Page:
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By Frederick N. Rasmussen, The Baltimore Sun and Baltimore Sun reporter | August 19, 2011
At funeral services for Nathan Krasnopoler held at Sol Levinson and Bros. Funeral Home on Aug. 12, the 20-year-old was remembered by a Johns Hopkins University professor for his "keen and incisive intellect. " Mr. Krasnopoler died Aug. 10 at Gilchrist Center in Columbia from a severe irreversible brain injury that he sustained Feb. 20 after being hit by a motorist while riding his bicycle on West University Parkway near the Hopkins Homewood campus. "Nathan was very bright, very creative and very self-motivated," said Edward R. Scheinerman, professor in the Johns Hopkins University Department of Applied Mathematics and Statistics, who is also vice dean of engineering education at the Whiting School of Engineering.
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NEWS
By Chris Kaltenbach, The Baltimore Sun | July 3, 2014
Allen Grossman,a prize-winning poet who spent 15 years teaching his craft to students at the Johns Hopkins University, died June 27 at his home in Chelsea, Mass. He was 82 and had been suffering from Alzheimer's disease. "Allen was an inimitable instructor," said Douglas Basford, assistant director of composition at the University at Buffalo, State University of New York, and a former student of Dr. Grossman's at Hopkins. Remembering a class he audited in poetry and poetics, Mr. Basford recalled the instructor "probing and prodding to get, as he did in his critical prose, to the core of how a poem worked [and]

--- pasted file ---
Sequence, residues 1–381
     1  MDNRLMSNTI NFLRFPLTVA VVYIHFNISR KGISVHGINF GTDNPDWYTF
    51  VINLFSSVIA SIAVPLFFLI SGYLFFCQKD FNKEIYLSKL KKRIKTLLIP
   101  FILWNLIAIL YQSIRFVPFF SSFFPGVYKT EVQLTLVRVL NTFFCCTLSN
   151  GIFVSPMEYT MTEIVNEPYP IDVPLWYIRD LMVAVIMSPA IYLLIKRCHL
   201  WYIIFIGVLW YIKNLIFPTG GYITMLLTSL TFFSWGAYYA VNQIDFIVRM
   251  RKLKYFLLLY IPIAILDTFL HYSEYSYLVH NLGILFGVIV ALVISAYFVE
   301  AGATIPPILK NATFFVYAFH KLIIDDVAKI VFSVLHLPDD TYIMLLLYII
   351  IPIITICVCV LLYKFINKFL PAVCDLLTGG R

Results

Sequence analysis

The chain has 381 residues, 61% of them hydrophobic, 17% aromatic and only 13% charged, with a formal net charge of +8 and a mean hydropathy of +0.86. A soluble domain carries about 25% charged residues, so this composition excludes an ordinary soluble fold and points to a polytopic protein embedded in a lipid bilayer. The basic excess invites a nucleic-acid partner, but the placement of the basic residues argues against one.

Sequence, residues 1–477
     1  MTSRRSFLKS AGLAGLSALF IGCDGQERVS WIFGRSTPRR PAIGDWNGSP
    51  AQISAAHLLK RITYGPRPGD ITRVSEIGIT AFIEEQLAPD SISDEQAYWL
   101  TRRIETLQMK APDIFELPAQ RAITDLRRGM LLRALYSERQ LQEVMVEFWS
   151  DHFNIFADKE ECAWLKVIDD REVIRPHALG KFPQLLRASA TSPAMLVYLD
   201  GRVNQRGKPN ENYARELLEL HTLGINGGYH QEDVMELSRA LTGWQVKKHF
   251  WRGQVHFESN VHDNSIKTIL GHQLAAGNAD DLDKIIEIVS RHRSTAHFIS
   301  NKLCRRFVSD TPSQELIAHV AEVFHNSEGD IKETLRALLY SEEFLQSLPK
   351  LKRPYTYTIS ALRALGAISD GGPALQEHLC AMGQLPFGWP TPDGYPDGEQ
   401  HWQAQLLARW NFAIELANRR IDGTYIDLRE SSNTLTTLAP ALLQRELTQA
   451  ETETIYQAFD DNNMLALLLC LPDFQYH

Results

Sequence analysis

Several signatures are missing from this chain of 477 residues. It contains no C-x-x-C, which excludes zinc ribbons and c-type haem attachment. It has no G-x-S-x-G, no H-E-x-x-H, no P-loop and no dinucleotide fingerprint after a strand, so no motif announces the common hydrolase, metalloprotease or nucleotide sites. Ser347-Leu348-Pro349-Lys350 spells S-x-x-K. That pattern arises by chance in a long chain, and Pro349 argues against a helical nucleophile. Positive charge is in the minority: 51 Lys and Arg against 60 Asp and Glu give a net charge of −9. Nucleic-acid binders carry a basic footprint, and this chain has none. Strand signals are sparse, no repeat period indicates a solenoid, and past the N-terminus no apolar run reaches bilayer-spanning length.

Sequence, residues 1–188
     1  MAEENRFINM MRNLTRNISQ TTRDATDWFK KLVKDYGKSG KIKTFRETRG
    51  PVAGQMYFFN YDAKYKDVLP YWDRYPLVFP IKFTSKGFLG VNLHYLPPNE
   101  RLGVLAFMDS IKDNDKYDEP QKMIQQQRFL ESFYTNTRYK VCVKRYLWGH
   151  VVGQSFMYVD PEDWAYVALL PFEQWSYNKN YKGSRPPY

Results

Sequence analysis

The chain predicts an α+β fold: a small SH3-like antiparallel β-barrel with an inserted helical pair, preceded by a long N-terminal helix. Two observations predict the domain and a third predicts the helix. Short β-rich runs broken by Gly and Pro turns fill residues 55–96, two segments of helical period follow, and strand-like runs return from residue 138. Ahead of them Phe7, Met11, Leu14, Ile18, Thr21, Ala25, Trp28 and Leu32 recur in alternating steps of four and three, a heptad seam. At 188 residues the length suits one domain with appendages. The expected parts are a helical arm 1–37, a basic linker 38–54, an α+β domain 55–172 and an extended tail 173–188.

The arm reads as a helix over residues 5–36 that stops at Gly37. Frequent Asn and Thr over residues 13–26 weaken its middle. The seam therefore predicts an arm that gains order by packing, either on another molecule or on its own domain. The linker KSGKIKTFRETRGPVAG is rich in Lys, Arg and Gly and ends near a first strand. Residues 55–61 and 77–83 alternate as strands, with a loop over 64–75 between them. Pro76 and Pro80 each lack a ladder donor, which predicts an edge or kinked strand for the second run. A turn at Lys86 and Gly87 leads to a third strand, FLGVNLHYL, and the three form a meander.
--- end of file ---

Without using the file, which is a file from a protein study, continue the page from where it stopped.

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NEWS
By Mary Gail Hare and Mary Gail Hare,SUN STAFF | March 13, 2005
Clifford L. Culp, a retired fund-raiser for the Johns Hopkins University and a founding member of the Maryland chapter of the National Society of Fundraising Executives, died of lung cancer Friday at his home in Stoneleigh. He was 96. Mr. Culp, a native of Huntsville, Pa., graduated from the Wharton School at the University of Pennsylvania before moving to Baltimore. He worked in business and accounting before joining the Johns Hopkins University in 1952 as its first development professional.
ENTERTAINMENT
By Mary Carole McCauley, The Baltimore Sun | March 24, 2014
For Colm Toibin, the world is full of echoes - ancient stories from different traditions that speak of parents, children and the divine. He sensed the reverberations every time he thought of his childhood in County Wexford, Ireland, where he was steeped in biblical stories. He detected them every time before he stood before a class in the New School in New York and prepared to lecture on the ancient Greek tragedies. And he picked up the murmurs once again when he went to the opera or saw his friend, the actress Fiona Shaw, perform the role of Medea on Broadway, and wished there were more epic roles for her to tackle.
FEATURES
By Gary Dorsey and Gary Dorsey,SUN STAFF | October 25, 2001
A crowd assembles slowly, like reluctant rabble-rousers on an uncertain mission. But by 4:15 for a 4 o'clock event, Levering Hall teems with students and professors. Late-latecomers chuck backpacks and sprawl along the floor. They await - what exactly? Wisdom? Debate? Release? A literary scholar begins: a brief definition of the word "teach-in." A historian comments: the "narrative of apocalypse" has distracted the public. (A false belief replaces reason, he says: This new era of apocalypse has no connection to the past.
NEWS
By Frederick N. Rasmussen and Frederick N. Rasmussen,SUN STAFF | April 16, 2000
Marion Buchman, an award-winning Baltimore poet and former lecturer at the Johns Hopkins University, died Tuesday of lung cancer at Levindale Hebrew Geriatric Center and Hospital in Northwest Baltimore. She was 86. A longtime Northwest Baltimore resident who wrote hundreds of poems and won many awards, she was named Poet of the Year by the Maryland Poetry Society in 1965. In 1969, she was awarded the Cheltenham Prize from the Arts Council of Great Britain for "Cenotaph." She also received the John Masefield Award for "Nancy Hanks Lincoln," and, in 1979, the Al Di La Prize from Franklin College, Lugano, Switzerland, for the "Italian Alps."